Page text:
This chapter analyses the recent intensification of EU-Japan security relations from a European perspective. While recognizing shortcomings, including the expectations gap between the EU and Japan that has frequently been problematized, this chapter emphasizes the significance of the recent changes in Japanese security policy, such as the 2013 National Security Strategy, as evidence that Japan does consider the EU and NATO to be important security partners. The chapter analyses the domestic debate and government initiatives, as well as Japan’s expectations for the EU-Japan Strategic Partnership Agreement (SPA), and the enablers and inhibitors of closer security ties. This chapter argues that while Japan Europe security cooperation has so far excluded hard security, the changing international security environment and a narrowing perceptions gap should allow deeper cooperation in non-traditional security fields, because Japan would benefit from the European experience of forging consensus in shaping international rules and norms.

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Wilhelm Vosse

This chapter analyses a practical case of EU-Japan out-of-area security cooperation, and the first example of operational security cooperation between the EU and Japan, namely the counter-piracy mission off the coast of Somalia. This chapter introduces the main reasons and different stages of involvement of the Japanese government, the MSDF and JCG in the Somalia counter-piracy mission. It then analyses the extent to which this mission provided opportunities for closer EU-Japan security cooperation, and what significance this case has for future EU-Japan security cooperation more broadly. It argues that this mission provided an ideal opportunity for Japanese government representatives and SDF personnel to learn the complexities of multilateral security coordination, and operational cooperation between European and Japanese forces, while simultaneously producing a deepening of trust and understanding.

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Stephen R. Nagy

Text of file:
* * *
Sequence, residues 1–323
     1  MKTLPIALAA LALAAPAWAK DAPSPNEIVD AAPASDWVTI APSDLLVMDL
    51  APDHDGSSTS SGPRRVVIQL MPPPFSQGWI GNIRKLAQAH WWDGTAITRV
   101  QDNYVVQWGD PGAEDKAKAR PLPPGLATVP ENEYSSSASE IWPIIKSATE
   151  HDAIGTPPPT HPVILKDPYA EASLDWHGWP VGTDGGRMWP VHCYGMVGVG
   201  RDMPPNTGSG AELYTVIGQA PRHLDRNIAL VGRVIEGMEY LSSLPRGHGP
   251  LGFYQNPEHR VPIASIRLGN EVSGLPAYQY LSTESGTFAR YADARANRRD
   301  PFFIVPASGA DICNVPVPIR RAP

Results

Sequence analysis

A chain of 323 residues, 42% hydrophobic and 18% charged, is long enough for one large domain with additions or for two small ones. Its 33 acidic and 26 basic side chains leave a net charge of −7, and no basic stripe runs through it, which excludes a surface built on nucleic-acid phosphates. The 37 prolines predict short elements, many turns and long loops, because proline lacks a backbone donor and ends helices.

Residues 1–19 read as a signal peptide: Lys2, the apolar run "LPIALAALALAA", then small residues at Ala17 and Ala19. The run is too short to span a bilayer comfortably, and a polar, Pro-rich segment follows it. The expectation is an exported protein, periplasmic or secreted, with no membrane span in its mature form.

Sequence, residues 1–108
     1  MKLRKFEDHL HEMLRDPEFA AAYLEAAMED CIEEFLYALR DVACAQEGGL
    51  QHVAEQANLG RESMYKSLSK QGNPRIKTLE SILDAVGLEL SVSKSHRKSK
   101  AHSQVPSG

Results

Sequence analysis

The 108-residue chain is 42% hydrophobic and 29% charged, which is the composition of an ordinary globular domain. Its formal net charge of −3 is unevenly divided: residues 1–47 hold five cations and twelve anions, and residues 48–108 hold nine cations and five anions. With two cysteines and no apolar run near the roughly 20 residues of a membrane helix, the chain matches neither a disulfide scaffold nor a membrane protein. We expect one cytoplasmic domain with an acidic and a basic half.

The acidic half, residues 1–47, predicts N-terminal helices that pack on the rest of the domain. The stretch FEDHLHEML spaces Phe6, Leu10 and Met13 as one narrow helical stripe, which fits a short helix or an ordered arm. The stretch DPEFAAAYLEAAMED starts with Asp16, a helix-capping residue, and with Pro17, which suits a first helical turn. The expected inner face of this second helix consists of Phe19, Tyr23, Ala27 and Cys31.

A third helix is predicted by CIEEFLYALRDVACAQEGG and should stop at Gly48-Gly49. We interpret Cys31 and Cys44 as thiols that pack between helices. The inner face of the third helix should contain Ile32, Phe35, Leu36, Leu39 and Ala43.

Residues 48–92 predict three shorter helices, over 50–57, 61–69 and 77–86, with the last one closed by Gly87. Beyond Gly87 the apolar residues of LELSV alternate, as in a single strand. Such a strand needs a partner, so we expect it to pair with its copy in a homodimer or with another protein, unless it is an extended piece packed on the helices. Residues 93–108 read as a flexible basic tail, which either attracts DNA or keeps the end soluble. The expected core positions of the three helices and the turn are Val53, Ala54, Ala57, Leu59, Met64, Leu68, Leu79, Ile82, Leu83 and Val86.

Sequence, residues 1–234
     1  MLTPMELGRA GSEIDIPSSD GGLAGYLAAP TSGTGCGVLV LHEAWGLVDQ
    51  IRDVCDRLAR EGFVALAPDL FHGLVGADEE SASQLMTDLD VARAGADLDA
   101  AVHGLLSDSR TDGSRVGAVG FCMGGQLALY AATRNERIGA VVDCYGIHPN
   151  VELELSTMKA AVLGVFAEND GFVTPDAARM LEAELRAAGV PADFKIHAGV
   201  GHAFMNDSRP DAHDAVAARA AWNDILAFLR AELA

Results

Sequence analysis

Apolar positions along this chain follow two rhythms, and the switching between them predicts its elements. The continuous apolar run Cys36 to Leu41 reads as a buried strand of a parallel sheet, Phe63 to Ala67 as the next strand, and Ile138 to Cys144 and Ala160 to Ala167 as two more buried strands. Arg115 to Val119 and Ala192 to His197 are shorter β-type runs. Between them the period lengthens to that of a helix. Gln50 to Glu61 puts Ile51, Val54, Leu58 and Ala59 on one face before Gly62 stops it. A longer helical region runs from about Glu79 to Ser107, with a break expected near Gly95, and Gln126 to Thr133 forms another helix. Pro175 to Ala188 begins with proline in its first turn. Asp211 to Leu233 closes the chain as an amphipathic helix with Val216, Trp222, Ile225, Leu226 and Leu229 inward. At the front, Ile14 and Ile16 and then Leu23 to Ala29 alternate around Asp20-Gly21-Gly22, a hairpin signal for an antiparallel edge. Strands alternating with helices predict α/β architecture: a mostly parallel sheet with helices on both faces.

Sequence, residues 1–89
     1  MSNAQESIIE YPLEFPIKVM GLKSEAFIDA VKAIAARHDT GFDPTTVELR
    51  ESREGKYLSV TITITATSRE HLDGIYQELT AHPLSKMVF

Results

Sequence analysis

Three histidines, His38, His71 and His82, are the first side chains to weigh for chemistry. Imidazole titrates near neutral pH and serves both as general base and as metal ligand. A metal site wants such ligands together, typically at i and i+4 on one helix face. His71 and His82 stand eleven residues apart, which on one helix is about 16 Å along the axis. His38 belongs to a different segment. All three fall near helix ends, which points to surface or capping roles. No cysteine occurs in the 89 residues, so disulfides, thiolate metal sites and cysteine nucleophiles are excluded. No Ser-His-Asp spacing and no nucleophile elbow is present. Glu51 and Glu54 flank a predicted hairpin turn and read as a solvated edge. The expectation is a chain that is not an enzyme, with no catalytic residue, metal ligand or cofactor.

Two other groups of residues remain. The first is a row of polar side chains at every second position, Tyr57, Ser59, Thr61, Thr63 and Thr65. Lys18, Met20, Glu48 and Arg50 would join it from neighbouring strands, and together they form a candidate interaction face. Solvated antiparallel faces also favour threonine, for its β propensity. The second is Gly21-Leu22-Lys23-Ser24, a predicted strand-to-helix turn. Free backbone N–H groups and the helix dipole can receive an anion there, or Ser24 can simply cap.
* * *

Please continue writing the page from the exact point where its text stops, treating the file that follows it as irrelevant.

This chapter analyses Japan’s Southeast Asian security partnerships from a Southeast Asian perspective. Japan’s re-entering East Asia with a combination of increasing trading ties and economic development (ODA) initiatives in the 1970s and 1980s, slowly furthered economic growth and prosperity in many East-Asian countries as well as Japan - a mutually beneficial relationship that largely remained un-securitized. Beginning with the second Abe administration in 2012, Japan began to include security components in a number of bilateral relations with countries in the region. This chapter divides countries in Southeast Asian countries by their level of economic dependence on China and their threat perception vis-à-vis China, which is the core factor in explaining the rationale for why and how they engage with Japan, and shapes Southeast perspectives of Japanese-Southeast Asian security partnerships.

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Wilhelm Vosse and Paul Midford

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Thomas S. Wilkins

This chapter examines the relationship between Canberra and Tokyo from a distinctly Australian perspective by disaggregating the Australia-Japan bilateral relations from the simplistic ‘allies of the US’ context (‘quasi-alliance’) to demonstrate how the two countries have developed a hugely strengthened bilateral security relationship to a significant degree independent of the US context. It argues, that this so-called ‘strategic partnership’ is a new form of security alignment that does not neatly fit traditional alliance paradigms, before analysing the wider contexts within which the bilateral strategic partnership exists.

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Series:

Richard Jackson

This chapter examines the way the threat of terrorism facing America since September 11, 2001 has been constructed discursively and the reasons it is so crucial to the prosecution of the 'war on terrorism'. It then examines the discursive construction or 'writing' of threat and danger. Following this, the chapter also examines the reasons it is necessary for officials to construct threat and fear. The 'reality effect' of terrorist violence induces an anxiety that no amount of rationalising can counteract; the visual pictures of violence are far more powerful than any counter-factual statistics could ever be. Although threat and danger is ultimately a matter of perception and perceptions can vary greatly from person to person, it would still be possible to present a range of perspectives and information which would allow a less hysterical assessment of the situation.